The SEC has suffered a pair of setbacks in its attempts to discourage intermediaries from recommending that their clients sell funds after holding them for only a short time and then use the proceeds to buy new, hot-performing funds.

In separate decisions late last month, two of the agency's administrative law judges held that intermediaries who switched investors out of funds after holding periods of as short as 16 months, did not violate federal securities laws. Indeed, in one case, the judge ruled that some switches that Richard Hoffman, a registered representative of Palm, Pa., admitted were improper, were inadvertent mistakes and did not violate federal law.

Judge Carol Fox Foelak, in a decision Jan. 27, emphatically rejected a suggestion from an SEC expert witness in the case against Hoffman that short-term trading of mutual funds is defined as anything less than a five-year holding period. Evidence that Hoffman moved investors from one fund to another after holding periods ranging from 16 months to more than two years was not enough to prove the SEC's claims that Hoffman improperly switched the investors, Foelak wrote.

"Indeed, it is common knowledge that mutual fund investors are turning over their holdings more rapidly than in the past and changing funds according to past performance or future expectations," Foelak wrote.

SEC administrative law Judge James T. Kelly reached the same conclusion in a decision he issued Jan. 31. The SEC's enforcement division failed to prove allegations that Michael Flanagan, a registered representative in Seal Beach, Calif., had improperly switched a client from one similar fund to another, Kelly ruled. The SEC failed to show Flanagan engaged in a pattern of switching, a fact which Kelly found to be significant in evaluating the SEC's allegations.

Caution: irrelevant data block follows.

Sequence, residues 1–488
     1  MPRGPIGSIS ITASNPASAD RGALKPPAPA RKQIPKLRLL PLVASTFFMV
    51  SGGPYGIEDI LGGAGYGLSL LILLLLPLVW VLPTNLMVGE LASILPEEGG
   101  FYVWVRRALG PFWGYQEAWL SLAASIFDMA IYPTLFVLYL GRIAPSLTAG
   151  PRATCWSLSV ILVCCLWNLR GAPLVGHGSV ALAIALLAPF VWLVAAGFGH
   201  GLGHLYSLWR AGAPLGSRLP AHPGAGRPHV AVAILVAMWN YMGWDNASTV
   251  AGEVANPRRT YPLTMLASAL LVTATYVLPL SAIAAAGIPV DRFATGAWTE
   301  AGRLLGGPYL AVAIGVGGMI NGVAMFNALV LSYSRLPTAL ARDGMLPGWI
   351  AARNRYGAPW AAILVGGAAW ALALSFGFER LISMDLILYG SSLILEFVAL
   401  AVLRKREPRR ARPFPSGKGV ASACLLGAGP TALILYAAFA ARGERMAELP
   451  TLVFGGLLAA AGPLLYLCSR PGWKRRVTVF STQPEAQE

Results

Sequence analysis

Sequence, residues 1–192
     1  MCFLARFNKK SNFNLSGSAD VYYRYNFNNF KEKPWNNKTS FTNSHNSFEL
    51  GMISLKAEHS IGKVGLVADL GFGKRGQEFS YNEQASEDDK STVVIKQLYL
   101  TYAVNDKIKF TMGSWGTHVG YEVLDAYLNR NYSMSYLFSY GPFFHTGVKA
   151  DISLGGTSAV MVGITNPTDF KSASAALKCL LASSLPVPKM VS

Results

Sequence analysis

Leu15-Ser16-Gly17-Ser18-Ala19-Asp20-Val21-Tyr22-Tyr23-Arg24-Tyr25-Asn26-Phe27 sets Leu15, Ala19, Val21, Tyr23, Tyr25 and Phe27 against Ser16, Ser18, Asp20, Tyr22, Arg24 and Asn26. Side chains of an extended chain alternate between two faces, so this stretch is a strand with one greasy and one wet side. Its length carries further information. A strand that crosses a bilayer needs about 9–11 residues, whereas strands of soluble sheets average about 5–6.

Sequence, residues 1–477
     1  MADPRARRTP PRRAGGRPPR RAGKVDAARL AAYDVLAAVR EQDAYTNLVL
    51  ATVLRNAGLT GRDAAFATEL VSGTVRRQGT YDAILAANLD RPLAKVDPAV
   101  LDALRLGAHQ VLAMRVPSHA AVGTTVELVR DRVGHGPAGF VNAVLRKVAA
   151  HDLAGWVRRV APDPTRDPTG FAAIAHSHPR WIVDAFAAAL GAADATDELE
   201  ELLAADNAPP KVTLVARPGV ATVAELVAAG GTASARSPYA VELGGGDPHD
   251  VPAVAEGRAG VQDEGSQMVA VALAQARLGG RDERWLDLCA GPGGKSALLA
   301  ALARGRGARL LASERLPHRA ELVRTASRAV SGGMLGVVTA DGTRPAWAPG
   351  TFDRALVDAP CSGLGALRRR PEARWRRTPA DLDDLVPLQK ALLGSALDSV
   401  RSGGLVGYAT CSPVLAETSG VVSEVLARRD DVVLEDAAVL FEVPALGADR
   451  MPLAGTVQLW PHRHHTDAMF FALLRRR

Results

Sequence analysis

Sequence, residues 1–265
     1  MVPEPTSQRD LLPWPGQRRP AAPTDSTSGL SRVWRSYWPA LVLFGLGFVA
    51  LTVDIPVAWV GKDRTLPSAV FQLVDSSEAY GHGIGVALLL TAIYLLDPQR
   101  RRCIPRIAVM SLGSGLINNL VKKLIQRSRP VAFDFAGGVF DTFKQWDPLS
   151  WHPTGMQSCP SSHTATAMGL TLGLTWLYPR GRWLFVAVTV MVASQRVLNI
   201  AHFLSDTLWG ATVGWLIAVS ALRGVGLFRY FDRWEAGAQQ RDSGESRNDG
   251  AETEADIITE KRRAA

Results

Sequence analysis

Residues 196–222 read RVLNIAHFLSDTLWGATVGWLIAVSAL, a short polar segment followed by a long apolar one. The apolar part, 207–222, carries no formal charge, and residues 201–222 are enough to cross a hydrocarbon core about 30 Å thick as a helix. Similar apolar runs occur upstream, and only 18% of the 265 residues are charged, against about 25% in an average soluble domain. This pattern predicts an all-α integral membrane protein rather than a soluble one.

Switching was a small part of the Flanagan case, which primarily was about sales practices relating to mutual fund B-shares. The SEC prevailed on its claims related to improper B-share sales practices. (See related story page 3)

In analyzing the SEC's switching allegations against Flanagan, Kelly said that the agency has never stated which factors among a handful are the most important in identifying improper switching. It is unclear if all of the factors - including the length of time an investor holds a fund, the amount of the sales commission to the registered representative and a loss of profits for the investor - or just some of the factors are necessary to prove illegal switching, Kelly said.

The ambiguity about what constitutes improper switching has vexed mutual fund industry lawyers, who have closely followed both the Hoffman and Flanagan cases.

"There really isn't an affirmative guideline about what is improper," said Hoffman's lawyer, Alexander D. Bono of Blank Rome Comisky & McCauley LLP of Philadelphia. "The Commission and regulators ought to step up to the plate" and set a clear standard defining what constitutes improper switching.

The standard may not be clear to lawyers, but the perils of switching are unambiguous to Arthur Levitt, chairman of the SEC. Levitt warned investors about the dangers of jumping from one mutual fund to another in search of hot performance in a statement and accompanying investor education guide the agency made public Jan. 24. Levitt warned investors to scrutinize such factors as sales charges before jumping from one fund to another.

"Buy and Hold' Beats Switching In and Out of Funds," the SEC said in the headline of its Jan. 24 statement.

The Hoffman case may be an instance of the SEC trying to lead investors where they do not want to go at a time when the market is hot and outstanding performance advertising is widely circulated. Witnesses in the Hoffman case testified that they switched funds seeking better performance. Indeed, some of the SEC's own investor witnesses testified that they wanted to switch funds and were angry with the SEC for bringing the case, Foelak said.